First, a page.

Have you reported this to TR Support? The best way to improve AI FTP is to report instances where its recommendations diverge from “reality”, so that TR engineering team can take a closer look and try and understand why things in your case didn’t work like they should have
It would be good to have a way to lookup / learn why there has not been a prompt for an FTP change.
always thought every 14 days was too quick. Even 28 days is a bit much. 42 days is probably best, every 6 weeks. It allows someone to complete a base phase.
On one hand extremely excited.
If one can use a reliable FTP detection without going through FTP tests on a regular basis one should be quite content .
But…and there’s a big but…dependability.
I got notified that AI detection recommends increasing my FTP to a number X, which is 6W higher than my previous FTP AI detection.
So…I did an outside FTP 20 minutes test with the said goal of X x 1.06.
Well…I held it for 5 minutes before starting to bleed watts till I was trashed by 15 minutes with no juice and a result that it neither consistent (a 20 minutes steady slope decline) nor close to my previous FTP.
It’s as if AI FTP detection is 1.06 higher than my actual FTP,
Sorry, are you saying you tried to hold FTP + 6 watts, or FTP * 1.06 watts (i.e. 106% FTP)?
- This is my bet. Presumably he did that to account for the 0.95 multiplier used to de-rate a 20-minute FTP test block to estimate the FTP. Essentially, he reversed the math to set a target and added 1% for extra measure.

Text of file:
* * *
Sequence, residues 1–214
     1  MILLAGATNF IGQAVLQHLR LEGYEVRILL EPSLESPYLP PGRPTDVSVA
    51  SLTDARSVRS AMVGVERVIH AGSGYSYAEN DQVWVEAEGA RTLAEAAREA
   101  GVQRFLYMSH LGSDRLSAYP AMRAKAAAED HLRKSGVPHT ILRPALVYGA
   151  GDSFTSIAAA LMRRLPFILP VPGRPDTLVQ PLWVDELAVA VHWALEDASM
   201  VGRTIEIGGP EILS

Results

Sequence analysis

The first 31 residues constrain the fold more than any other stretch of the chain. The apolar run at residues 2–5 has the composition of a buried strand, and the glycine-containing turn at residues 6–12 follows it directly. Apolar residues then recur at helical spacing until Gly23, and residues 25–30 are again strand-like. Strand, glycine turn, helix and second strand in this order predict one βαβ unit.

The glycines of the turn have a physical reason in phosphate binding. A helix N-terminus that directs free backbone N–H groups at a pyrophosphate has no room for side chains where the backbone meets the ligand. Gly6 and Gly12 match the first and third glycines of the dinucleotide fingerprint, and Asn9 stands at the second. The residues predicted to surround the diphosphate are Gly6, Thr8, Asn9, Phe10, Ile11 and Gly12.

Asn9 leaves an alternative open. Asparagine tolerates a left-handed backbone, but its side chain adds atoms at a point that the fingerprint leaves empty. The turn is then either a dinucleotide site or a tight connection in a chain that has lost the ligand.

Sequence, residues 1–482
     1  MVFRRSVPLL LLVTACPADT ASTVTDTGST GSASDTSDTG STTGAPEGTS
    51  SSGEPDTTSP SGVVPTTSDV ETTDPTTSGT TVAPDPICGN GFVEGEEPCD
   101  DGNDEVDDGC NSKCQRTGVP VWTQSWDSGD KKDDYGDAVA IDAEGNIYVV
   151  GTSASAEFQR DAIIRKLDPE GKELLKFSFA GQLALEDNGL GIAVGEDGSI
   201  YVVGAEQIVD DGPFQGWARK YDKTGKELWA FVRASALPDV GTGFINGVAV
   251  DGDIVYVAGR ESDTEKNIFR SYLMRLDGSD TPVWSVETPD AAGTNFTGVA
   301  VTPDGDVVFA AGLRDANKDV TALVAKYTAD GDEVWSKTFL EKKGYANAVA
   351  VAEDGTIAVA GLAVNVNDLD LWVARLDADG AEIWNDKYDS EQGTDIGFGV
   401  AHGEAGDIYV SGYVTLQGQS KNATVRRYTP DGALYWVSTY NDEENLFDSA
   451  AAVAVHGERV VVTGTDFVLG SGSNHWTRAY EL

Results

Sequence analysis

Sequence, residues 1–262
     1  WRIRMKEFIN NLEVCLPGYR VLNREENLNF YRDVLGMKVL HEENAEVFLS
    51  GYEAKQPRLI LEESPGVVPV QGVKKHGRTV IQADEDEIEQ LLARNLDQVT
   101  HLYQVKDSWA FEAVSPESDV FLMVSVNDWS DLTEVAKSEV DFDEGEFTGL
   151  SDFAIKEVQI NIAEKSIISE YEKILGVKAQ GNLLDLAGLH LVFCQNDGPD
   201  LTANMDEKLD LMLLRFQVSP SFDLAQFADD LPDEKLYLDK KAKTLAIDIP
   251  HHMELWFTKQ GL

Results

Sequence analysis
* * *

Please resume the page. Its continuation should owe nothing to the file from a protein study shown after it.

As we’ve covered in many topics here, that theory is fine but flawed and should not be taken as a blanket validation or disproof of the accuracy of AIFTPD. Many factors are present and it’s not necessarily worth diving into that in this specific topic. It’s better in the main AIFTPD topic or the others where people have attempted test comparisons like this.
As the Other Chad wrote… *
You take the average power from the 20minutes interval and multiply it by 0.95 to adjust for an approximation of a one hour effort.
So, if the AI detection was correct, with everything else taken care of and constant, then adding the 5% from the top (which is approx 106% from under) gives you your target power for the interval.
If AI FTP detection gives me a benchmark figure that means that the workouts that I get for the first bit of the upcoming block of training are in the right ballpark …
… and then Adaptive Training brings me nicely through the progression levels …
… and I’m nailing my workouts …
… and my fitness builds …
… and I’m getting faster …
… why would I care so much about the absolute value of that benchmark figure?
Some people leverage FTP in ways other than the mostly training focused aspects TR intends with the current and future implementation. Things like pacing plans and such for various events, nutrition planning and other reasons are all considerations that leverage FTP as part of the calculations. As such, it can be beneficial to have “an accurate FTP” on hand for those that use them these ways.
Nate admits to the confusion overall (above and elsewhere in our discussions), and has floated the idea of TR renaming the “magic number” they give us, in order decouple it from the FTP confusion that we see frequently here. We have to remember that there are usually more than one way to look at and use values in this area, and FTP is one of those with plenty of uses beyond setting workout power targets.